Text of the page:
It’s a Darwinian world in the apparel universe as juniors manufacturers and retailers try to elbow aside the competition for oxygen in the form of sales, which are in free fall. Apparel sales for women ages 13 to 17 fell 6.4 percent to $36.2 billion from December 2007 through November 2008 compared with the same period a year prior, according to The NPD Group.
The dismal drumbeat of headlines heralding the closure of retailers including California-based Mervyns and Tennessee-based Goody’s Family Clothing Inc. are prompting clothing lines to rewrite their game plans to stay afloat. Nowhere is the urgency more evident than at WWDMAGIC, where a number of juniors manufacturers are bracing themselves — some more optimistically than others — for the challenging environment.
Orna Stark, president of Jem Sportswear, maker of Awake and licensed fare from Disney, Peanuts and “The Wizard of Oz,” said, “Our expectations are that budgets will be cut back and many of the large stores aren’t coming, and it’s really more of a specialty store business. “
Show officials report that as of late January, 25,000 retailers were confirmed in pre-registration, and that representatives from major retailers such as Target, Macy’s and Nordstrom will be in attendance. Chris DeMoulin, president of MAGIC International and executive vice president of the Advanstar Fashion Group, concedes that the event is making a concerted effort to attract retailers.
“We’ve developed an aggressive outreach campaign geared to retailers through advertising, direct marketing” and the personal efforts of the organization’s retail relations teams, he said in an e-mail.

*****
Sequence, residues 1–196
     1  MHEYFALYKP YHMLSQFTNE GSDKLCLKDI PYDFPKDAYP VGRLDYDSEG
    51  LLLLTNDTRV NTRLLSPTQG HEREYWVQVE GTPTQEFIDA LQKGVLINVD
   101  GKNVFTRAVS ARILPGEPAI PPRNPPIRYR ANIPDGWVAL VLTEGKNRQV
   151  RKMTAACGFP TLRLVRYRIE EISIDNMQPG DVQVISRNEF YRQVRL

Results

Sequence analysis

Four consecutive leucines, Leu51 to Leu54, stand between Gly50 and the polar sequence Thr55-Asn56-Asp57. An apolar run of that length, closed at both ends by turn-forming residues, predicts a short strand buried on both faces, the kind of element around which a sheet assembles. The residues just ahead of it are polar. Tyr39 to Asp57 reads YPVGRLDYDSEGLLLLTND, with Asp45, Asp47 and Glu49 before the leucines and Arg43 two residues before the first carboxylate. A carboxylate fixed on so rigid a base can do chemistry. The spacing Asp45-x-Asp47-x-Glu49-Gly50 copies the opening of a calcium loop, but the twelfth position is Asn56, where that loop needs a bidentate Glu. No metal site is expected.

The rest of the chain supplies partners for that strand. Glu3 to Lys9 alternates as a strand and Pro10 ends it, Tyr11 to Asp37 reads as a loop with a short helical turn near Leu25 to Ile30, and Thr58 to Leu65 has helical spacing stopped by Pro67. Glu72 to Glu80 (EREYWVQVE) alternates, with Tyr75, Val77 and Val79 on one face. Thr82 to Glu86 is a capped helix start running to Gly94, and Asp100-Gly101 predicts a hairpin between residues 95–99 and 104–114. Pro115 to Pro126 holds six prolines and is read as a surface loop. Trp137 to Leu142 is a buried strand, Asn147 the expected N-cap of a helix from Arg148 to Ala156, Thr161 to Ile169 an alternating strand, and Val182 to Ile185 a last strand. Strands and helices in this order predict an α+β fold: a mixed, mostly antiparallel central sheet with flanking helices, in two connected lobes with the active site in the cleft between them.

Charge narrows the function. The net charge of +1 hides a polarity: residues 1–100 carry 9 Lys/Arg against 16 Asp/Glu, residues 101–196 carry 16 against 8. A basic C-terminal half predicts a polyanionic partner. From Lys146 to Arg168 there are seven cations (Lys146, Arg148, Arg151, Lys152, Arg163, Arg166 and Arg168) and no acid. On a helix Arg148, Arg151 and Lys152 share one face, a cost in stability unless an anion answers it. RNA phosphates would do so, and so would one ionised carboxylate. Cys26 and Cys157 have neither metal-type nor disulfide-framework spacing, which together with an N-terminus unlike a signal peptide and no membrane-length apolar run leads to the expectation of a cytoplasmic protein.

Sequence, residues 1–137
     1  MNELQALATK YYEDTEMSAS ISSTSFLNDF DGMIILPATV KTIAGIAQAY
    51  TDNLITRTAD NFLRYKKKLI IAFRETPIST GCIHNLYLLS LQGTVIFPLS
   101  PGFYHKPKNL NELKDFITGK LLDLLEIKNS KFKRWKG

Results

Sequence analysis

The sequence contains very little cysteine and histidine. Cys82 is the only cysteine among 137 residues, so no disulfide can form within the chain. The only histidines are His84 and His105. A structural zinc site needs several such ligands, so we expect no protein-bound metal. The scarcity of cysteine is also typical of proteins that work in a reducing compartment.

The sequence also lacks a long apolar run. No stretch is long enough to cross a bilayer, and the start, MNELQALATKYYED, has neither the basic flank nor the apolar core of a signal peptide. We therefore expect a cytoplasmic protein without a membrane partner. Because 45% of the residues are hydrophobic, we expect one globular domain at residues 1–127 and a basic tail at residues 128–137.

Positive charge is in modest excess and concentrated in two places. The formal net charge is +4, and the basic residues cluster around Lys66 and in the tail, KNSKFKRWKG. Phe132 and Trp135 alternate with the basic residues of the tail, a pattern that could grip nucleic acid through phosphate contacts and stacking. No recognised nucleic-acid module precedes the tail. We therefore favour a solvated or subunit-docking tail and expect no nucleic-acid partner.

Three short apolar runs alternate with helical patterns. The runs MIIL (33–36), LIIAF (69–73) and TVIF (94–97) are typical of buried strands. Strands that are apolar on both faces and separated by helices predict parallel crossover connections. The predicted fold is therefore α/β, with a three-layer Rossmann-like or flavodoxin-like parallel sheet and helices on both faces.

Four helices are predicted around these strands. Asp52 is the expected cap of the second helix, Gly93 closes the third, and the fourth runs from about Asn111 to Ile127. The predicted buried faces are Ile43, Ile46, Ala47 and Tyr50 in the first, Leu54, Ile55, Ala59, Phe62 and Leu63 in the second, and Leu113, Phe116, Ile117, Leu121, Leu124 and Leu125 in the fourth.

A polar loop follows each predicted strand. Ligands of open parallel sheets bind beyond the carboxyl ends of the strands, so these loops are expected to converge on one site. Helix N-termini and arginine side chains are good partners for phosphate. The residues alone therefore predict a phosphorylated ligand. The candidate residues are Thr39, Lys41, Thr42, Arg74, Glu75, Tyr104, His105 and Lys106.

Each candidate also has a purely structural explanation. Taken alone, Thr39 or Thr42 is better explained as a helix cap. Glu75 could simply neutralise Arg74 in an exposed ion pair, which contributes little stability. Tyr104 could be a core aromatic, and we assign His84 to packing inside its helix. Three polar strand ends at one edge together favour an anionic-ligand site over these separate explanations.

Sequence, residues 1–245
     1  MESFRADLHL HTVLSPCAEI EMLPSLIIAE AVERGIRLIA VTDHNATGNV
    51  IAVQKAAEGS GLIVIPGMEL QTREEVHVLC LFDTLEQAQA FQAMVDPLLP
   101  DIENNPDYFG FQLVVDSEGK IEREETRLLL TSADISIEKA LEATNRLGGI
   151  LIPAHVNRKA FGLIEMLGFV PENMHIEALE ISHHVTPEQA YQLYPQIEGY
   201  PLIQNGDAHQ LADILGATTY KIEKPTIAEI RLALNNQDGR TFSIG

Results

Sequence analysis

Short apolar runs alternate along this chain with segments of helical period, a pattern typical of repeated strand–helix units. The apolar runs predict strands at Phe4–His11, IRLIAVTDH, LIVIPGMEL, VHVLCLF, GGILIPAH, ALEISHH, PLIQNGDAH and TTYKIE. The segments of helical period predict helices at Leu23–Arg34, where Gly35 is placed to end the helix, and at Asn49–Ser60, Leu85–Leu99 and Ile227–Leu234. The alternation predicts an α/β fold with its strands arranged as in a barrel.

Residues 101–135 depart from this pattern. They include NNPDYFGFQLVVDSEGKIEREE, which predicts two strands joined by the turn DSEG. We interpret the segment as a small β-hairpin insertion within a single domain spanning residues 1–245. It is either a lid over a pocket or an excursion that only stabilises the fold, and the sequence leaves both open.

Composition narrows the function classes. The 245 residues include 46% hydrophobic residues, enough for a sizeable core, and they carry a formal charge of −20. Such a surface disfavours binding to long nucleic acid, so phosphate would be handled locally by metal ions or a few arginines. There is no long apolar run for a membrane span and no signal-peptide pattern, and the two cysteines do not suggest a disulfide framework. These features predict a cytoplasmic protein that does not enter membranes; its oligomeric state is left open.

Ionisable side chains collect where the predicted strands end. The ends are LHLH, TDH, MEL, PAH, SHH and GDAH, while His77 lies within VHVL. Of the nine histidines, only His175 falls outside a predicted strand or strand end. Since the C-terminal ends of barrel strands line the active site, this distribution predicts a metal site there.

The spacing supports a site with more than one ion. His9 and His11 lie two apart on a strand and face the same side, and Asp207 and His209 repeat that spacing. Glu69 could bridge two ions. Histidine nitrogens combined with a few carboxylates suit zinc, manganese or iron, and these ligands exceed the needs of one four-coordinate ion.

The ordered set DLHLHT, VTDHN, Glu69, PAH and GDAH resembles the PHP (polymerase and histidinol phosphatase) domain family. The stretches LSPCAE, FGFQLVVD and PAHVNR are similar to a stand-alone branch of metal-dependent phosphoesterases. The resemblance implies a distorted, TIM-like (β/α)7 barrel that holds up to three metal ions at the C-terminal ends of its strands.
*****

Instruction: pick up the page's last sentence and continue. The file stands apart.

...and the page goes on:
Even so, juniors manufacturers aren’t taking chances. They’re casting a wider net to maximize sales. Jem Sportswear is reaching out to new customers and has solidified distribution deals with Lane Bryant and Nordstrom Girls. It’s also partnering with retailers for exclusive programs, including Kitson, a retail haunt of the rich and famous, promoting “Twilight”-inspired apparel with plans to host a party in conjunction with the movie’s DVD release.
Spreegirl is looking to court an international customer, including buyers from Singapore, Japan, Malaysia and the Middle East.
“We plan to do trade shows there this year,” said Vinh Luong, director of sales and marketing for Spreegirl. “We can no longer depend on the United States customer.”
The dire economic environment and the worrisome prospect of leftover inventory have helped manufacturers zero in on their fashion strategy.
“The key is to focus on what’s working,” said David Vered, president of YMI Jeans, which sells to 5,000 stores nationwide including Dillard’s, Nordstrom and J.C. Penney. “Cut out the experimental stuff. Capitalize on what’s proven and do it even better.”
For YMI, that means concentrating on the fit of the jeans and making it appealing in all varieties from skinny to flare.
At Honeydew Intimates, creative director Benny Zafrani said the company has pruned its stockkeeping units for spring by 33 percent compared to its fall lineup.
“We are taking the best-selling bodies and making them even more successful, offering more colors and fabrics and designing around the style to create other successful garments that can merchandise together,” Zafrani said.
In customers’ favor, manufacturers are holding prices steady while upping the value quotient. They’re creating product loaded with bells and whistles, such as providing blouses with scarves and denim jeans with belts.
“Prices aren’t going up,” said Kathy Bradley-Riley, senior vice president of merchandising for New York-based Doneger Group. “Manufacturers are giving her more. There’s one hanger with more things. They’re combining apparel and accessories.”
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